TOKYO—Honda Motor Co. said Monday it will voluntarily recall nearly 1 million cars globally to repair problems with power windows and computer equipment.
Honda said no serious injuries or fatal accidents have been reported due to the problems, and the repair bill will be limited to about $17 million in Japan.
But the latest move comes hard on the heels of another large recall and adds to Honda's headaches as it seeks to join local peers in bouncing back from production disruption in the aftermath of the March 11 disasters. Japan's auto makers must also cope with the yen riding high at near record-strength versus other major currencies like the dollar, making their exports more expensive and less competitive.Reuters A Honda Fit in a Tokyo showroom this summer.
Honda, Japan's third-biggest car maker by volume, recalled more than 2.3 million vehicles in early August, citing problems with automatic transmissions.
On Monday Honda said it will recall 936,000 Fit compacts, CR-V and City models in Japan, China, the U.S., Europe and other countries in Asia and Africa due to defective power-window switch units.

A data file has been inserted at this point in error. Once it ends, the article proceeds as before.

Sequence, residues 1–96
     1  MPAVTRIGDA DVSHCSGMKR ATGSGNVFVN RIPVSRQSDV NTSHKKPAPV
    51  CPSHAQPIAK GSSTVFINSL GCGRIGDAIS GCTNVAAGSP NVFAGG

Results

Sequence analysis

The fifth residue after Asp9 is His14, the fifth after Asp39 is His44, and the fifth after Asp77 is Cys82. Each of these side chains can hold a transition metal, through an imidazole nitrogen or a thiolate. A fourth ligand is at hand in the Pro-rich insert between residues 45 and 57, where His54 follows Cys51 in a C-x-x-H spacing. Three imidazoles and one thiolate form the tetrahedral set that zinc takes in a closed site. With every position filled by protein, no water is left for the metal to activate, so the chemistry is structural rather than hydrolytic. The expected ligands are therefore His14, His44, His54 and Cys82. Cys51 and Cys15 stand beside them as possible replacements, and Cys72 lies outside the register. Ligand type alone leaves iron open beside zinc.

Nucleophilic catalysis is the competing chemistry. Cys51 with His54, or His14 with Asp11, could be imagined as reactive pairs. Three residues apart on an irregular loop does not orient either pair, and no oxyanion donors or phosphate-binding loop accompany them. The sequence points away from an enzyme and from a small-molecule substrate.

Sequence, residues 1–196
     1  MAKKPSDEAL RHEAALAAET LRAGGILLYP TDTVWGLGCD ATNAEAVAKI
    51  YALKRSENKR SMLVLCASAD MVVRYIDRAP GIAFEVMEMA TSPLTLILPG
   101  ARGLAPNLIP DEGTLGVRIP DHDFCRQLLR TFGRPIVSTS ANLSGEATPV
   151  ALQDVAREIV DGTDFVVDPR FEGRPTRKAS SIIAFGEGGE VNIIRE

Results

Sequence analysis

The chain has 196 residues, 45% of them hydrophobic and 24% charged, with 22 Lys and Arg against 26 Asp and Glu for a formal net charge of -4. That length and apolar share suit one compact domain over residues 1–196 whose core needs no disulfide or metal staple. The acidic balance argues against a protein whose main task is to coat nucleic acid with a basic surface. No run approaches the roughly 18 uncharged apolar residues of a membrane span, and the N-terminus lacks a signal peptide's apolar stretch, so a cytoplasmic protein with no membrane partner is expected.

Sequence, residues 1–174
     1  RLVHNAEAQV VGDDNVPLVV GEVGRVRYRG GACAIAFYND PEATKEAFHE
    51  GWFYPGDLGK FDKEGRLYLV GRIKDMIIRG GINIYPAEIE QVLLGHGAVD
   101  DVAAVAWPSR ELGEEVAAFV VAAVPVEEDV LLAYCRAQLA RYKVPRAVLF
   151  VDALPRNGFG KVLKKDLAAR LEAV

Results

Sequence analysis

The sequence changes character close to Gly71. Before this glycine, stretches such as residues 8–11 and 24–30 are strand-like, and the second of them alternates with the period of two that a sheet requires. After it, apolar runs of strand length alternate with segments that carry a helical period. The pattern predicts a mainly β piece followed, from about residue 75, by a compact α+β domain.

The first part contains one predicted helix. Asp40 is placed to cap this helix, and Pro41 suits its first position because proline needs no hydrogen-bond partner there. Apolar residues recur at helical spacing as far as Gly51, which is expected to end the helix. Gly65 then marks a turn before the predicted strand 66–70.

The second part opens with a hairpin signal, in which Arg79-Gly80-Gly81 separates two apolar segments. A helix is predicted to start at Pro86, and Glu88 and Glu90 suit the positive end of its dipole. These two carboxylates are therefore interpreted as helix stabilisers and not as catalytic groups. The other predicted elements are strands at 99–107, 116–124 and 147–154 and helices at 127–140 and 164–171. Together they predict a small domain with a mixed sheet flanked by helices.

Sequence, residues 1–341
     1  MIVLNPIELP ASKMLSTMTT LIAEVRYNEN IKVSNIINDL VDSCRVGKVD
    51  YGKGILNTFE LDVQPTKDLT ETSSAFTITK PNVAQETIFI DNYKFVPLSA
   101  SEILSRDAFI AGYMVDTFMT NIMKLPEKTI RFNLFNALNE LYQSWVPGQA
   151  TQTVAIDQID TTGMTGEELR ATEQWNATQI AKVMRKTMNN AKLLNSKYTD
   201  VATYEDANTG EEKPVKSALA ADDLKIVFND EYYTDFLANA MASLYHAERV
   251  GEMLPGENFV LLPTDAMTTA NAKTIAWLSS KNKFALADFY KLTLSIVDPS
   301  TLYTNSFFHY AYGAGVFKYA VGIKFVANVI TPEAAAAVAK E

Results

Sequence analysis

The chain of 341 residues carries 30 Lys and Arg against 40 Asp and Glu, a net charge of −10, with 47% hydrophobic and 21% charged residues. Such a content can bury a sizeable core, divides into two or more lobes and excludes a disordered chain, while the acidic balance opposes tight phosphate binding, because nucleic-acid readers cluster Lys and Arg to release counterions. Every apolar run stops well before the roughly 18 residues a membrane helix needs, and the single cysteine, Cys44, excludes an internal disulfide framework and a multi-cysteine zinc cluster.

A Honda spokeswoman said that two members of the public reported light burns after touching overheated power switches. She also said there were nine reported cases of vehicles catching on fire in Japan and China due to the power-window problem.
The car maker will also recall 26,000 CR-Z hybrid models in Japan, the U.S., Canada and other markets because of defective programming of electronic control units for motors used in the model.
For both recalls, the company will spend a combined ¥1.29 billion ($16.8 million) in Japan, a Honda spokeswoman said. She declined to elaborate on the costs of the overseas recalls.
On Monday, as auto sector stocks in Tokyo were depressed by the strength of the yen, Honda shares tumbled after the company announced the recall. Honda shares ended the day 4.7% lower, while Toyota Motor Corp. shares dropped 2.6% and the Nikkei Stock Average shed 1.9%.
--Kenneth Maxwell contributed to this article.
Write to Yoshio Takahashi at firstname.lastname@example.org